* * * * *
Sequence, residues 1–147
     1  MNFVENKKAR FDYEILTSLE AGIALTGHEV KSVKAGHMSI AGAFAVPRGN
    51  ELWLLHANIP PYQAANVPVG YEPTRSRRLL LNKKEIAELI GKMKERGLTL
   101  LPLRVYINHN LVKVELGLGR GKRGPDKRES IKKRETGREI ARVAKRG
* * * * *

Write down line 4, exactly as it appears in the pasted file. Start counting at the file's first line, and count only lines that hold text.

   101  LPLRVYINHN LVKVELGLGR GKRGPDKRES IKKRETGREI ARVAKRG